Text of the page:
People have very short memories or chose to ignore the reality: Who attacked the twin towers? Who bombed London? Who bombed Madrid? Who bombed Bali? Who attacked the Bataclan in Paris and the Charlie Hebdo offices? Who rammed a truck into people on the seafront in Nice last year? Who rammed a truck into the Christmas market in Germany last year? Islamic terrorists were responsible for all of these atrocities.
President Trump is right to want to increase vetting of those coming to America whether they be refugees or travellers.
President Trump isn’t intending to put anyone into concentration camps and arbitrarily kill them; that suggestion of Nazism is abhorrent. Angela Merkel’s decision to open the borders to all the refugees fleeing the middle east was a bad mistake.
It will have consequences and repercussions for years, it has already fermented unrest among Hungarians, Germans and French who see a never ending horde of refugees wanting shelter putting a huge strain on medical, housing and infrastructure, not to mention the establishment of huge ghettos in historic European capitals.
I think it is laughable that people want the Taoiseach to show his disapproval by not going to the White House and giving the bowl of shamrock to President Trump.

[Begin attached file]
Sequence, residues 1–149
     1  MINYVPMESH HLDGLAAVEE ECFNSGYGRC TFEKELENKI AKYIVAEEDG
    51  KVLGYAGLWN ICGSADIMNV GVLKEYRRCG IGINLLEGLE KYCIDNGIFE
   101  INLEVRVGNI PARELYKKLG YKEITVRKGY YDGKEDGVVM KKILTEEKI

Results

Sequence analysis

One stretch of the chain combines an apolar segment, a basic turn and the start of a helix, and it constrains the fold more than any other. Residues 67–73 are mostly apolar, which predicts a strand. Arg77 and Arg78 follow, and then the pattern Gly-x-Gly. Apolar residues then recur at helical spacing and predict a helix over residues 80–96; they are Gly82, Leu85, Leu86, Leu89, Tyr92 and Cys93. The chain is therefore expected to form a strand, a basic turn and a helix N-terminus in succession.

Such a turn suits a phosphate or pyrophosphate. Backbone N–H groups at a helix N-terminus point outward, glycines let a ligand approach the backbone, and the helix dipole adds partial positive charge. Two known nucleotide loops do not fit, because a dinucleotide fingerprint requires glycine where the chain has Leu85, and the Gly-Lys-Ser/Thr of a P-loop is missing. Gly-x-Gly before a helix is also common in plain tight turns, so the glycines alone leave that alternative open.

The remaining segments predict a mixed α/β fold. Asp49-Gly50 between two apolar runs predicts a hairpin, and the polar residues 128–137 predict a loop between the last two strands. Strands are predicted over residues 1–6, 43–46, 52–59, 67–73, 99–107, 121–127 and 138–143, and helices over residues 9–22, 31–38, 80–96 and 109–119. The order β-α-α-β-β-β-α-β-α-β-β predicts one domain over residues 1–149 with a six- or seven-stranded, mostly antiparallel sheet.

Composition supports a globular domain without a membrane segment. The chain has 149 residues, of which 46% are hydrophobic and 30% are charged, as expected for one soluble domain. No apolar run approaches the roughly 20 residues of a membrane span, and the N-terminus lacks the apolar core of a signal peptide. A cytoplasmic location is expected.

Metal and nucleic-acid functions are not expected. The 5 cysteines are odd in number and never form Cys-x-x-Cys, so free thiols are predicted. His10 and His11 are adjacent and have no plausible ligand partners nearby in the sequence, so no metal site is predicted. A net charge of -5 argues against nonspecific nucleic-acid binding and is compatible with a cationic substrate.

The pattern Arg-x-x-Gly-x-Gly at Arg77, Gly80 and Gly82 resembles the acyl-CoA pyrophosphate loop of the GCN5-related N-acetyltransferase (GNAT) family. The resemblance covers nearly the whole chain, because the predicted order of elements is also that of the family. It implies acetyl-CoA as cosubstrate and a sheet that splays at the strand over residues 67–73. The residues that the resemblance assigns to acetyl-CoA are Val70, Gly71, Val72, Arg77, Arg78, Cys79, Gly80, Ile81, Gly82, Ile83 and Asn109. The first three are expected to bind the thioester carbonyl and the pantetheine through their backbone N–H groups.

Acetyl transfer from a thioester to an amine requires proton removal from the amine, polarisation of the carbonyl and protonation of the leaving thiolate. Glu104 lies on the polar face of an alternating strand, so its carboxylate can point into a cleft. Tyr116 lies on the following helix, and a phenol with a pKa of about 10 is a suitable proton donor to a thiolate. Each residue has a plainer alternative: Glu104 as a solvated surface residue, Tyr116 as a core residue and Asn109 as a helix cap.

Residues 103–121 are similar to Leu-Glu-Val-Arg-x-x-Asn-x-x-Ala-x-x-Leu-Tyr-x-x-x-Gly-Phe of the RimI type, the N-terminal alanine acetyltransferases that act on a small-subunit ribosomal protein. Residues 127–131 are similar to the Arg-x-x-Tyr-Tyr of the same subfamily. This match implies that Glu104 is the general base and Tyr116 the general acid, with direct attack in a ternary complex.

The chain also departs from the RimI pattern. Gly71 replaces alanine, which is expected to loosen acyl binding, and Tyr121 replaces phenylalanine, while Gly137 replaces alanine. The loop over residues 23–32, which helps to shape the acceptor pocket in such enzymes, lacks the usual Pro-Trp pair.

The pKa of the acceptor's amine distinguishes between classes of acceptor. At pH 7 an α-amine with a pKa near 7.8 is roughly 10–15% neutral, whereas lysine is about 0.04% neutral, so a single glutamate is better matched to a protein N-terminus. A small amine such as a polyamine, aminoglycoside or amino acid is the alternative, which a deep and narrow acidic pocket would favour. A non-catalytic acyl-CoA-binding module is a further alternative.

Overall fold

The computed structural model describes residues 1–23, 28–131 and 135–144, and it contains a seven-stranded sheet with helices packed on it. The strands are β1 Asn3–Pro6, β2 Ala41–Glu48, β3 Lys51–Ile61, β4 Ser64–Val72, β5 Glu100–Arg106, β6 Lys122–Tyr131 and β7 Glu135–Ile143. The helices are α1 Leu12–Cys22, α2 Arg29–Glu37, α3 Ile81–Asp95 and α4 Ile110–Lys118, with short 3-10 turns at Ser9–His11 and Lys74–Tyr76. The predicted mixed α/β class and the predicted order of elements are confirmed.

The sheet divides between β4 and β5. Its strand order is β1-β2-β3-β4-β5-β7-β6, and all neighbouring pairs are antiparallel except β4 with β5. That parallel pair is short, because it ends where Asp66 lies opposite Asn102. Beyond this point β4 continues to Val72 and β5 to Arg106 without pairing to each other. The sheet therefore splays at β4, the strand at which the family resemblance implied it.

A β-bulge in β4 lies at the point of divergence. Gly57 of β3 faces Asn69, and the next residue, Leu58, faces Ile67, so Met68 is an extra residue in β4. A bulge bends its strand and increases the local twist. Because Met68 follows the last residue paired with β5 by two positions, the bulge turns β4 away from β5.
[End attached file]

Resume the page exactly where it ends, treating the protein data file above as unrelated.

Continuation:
That would really make so much difference, do people honestly think President Trump is going to be bothered by not getting a rotting bowl of weed that is instantly thrown out afterwards?
The reason that the liberal media both in the US and here dislike Mr Trump is because he’s not falling over himself trying to appease the minority lobby groups that had so much influence and access to Obama, he won beause he appealed to the ordinary people who were being ignored.
I think it’s great that Mr Trump has voiced his support for the police.
Why isn’t there the same uproar about the 16 nations that have imposed a travel ban on Israelis, including Kuwait, Iran, and Bangladesh.
In my opinion there should be strict medical checks and criminal records checks on any migrant wanting to enter Ireland and the EU.
I also condemn any violence and racism towards Muslims